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Friday, 9 December 2011

For those who may have missed it.....

This is a quick little update for those for don't visit the Save Live Export page. Since Thursday Dec 1 Gabyon and surrounding stations have been under seige by bushfire from lightning strikes. All clear was given today, 9th Dec. Our fire area totalled 103 000 hectares burnt, including what Tardie and Yuin station lost. God knows what Meka, Murgoo, Wagga Wagga and others lost. The following is a quick rundown I posted on the SLE page. When I get the chance I'll post the full story. I know I try to keep this blog light hearted but this is some serious shit. I'll get our photos and videos up when I can, but for now, thanks to those who have worried for us and those who have helped us.

My post last night on the SLE page.

A huge big thankyou from Gemma and myself for all the well wishes. The fire started Thursday arvo by lightning. Unfortunately there were also fires on Meka, Murgoo, Paynes Find, and God knows where else, meaning everybody was under resourced, stretched thin with 3 days of howling easterlies. Protecting 30kms of front with 3 units, a grader, a dozer and 2 loaders is not possible. Fire weather warnings for the entire area meant units could not be sent from neighbouring shires until two days ago, by which time some 65000 ha or so had burned.

Unfortunately the aurthorities do not seem to realise the only way to fight fire in that country is with a match. As they became available more people and gear turned up. Tardie would've lost the homestaed if not for everyones good work and back burning. More strikes on Monday saw two new fires, but rain slowed them up. Flared up again on Tuesday with real concerns it would reach the Gabyon homestead., but back burning on the break and some frantic grader and dozer work Wednesday saw it halted. By all accounts it is now dead. People and families who have been in the area all their life have never ever seen fire like it. Our old bloke Dasher is over 50 and never had to fight a fire in his life. Gives you some idea how rare wildfires are out there are.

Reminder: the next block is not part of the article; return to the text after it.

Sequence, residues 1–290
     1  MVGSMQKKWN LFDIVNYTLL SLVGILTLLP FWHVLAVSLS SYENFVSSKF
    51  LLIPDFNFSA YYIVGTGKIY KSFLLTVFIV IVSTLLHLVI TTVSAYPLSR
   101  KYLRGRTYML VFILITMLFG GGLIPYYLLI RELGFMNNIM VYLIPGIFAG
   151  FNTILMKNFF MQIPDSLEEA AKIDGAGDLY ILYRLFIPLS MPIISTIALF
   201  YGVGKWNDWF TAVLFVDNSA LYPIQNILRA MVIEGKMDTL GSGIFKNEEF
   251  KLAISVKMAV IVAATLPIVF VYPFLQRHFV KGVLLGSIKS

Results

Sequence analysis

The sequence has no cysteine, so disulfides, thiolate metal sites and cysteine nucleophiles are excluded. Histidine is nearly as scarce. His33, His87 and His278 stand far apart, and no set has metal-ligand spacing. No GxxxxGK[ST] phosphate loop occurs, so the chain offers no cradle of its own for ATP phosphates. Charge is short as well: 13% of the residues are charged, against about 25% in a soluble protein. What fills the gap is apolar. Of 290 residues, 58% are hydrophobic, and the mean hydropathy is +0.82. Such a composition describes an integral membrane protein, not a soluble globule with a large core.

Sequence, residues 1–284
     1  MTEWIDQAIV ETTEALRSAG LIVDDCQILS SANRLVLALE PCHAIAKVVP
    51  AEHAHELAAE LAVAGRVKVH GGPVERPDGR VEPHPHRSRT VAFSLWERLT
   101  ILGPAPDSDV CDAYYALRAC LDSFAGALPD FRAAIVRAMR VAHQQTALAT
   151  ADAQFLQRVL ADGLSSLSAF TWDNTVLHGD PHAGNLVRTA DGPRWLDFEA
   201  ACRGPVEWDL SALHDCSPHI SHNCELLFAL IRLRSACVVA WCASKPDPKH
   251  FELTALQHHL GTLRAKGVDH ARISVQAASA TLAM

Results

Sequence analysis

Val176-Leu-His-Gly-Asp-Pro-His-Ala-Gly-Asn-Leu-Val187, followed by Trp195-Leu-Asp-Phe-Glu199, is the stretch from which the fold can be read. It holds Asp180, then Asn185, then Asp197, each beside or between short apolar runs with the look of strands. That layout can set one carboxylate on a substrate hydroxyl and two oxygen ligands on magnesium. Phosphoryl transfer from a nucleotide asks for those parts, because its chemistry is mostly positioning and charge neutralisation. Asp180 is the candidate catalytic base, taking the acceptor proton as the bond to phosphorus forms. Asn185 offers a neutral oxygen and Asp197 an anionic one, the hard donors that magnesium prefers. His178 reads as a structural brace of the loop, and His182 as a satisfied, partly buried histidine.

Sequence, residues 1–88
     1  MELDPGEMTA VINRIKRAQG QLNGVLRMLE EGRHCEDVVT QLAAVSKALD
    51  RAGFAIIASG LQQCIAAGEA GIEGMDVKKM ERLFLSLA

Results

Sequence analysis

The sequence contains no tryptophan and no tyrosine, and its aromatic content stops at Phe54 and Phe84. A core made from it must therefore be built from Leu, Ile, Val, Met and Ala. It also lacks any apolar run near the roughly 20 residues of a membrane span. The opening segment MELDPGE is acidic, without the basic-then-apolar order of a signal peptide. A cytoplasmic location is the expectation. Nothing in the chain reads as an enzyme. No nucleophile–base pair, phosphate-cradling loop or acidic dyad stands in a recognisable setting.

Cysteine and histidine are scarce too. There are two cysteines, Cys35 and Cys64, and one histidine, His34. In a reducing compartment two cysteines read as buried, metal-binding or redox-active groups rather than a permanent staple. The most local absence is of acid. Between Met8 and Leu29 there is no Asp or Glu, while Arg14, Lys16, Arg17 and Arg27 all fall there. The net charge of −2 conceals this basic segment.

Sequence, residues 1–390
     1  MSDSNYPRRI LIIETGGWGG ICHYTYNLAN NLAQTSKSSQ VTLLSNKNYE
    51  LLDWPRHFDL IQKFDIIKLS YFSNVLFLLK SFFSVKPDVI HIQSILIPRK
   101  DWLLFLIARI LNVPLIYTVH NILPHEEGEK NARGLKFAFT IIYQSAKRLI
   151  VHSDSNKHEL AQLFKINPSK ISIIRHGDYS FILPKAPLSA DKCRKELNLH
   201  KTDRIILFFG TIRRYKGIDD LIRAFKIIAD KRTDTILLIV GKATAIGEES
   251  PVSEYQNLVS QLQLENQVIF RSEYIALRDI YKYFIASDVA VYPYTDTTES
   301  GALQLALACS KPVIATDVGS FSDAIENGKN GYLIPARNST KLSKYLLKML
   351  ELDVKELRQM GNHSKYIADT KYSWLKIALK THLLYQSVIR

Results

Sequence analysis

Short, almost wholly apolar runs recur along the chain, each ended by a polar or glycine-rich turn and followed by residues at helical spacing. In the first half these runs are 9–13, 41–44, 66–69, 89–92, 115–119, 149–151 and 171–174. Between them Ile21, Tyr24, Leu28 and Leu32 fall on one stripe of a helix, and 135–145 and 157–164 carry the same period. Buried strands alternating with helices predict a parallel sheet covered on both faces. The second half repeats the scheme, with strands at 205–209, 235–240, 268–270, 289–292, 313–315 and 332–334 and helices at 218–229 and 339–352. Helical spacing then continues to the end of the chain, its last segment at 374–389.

The groundcrew were brillant. Did everything they could for us and more. Rosco from Yuin took to the air, guided us and saved us. The FESA bloke in the chopper was useless. COuldn't tell east from west with a bloody compass on the dash, nor could he estimate distances. Put the heavy machines in the line of fire once. The controllers, head honchos are far too restricted by requirements for reporting, measurements, assessment. Too many chiefs, not enough indians. And the chiefs couldn't control a fire in an enclosed wood heater. Chinese whispers through the chain of command played havoc. Too scared to make a decision in case it turns into another Margeret River or the fire where the poor truckies got killed. Letters will be written to who ever i can think of explaining the huge downfalls in the way our fire was controlled. While I understand it's only bush, not homes and people, that bush and the animals in it are our livelihoods, somtheing somehat lost on the fella who's solution to preveny it cross the main highway was to burn back from there, some 5 or so kms from the sourthern edge. Only another 25000 ha or so up in smoke. If they had gone with the buring theory on the third day when the breaks were in we could've saved alot of land and stress.

At this stage we havent seen any stock losses from the air. The fire was effectively a grass fire, which we couldn't access due to the shrubbery, mainly. From the air there are tracts of un burnt country thoughout the burnt zone, so we are hoping most would've got away. On the plus side we now have some of the widest, smoothest windmill tracks in the district. The roo shooters will be pleased. The downside is we all fear this is only the begining, alot of lightning between now and winter. With any luck we'll get some summer rain to freshen things up.

Thanks again for the well wishes. I'll get some photos and video up soon. We're receiving sheep into the depot tomorrow. No rest for the wicked.


Becky said...

Hope the Summer rains do head your way. Shame hay season is finished for you, what would be more likely to bring the rain?!

Have been thinking of you all, and hope this causes some policy to change for the better in terms of how fire is managed in rural areas.

hemcoined said...

I appreciate it, it really very dangerous.

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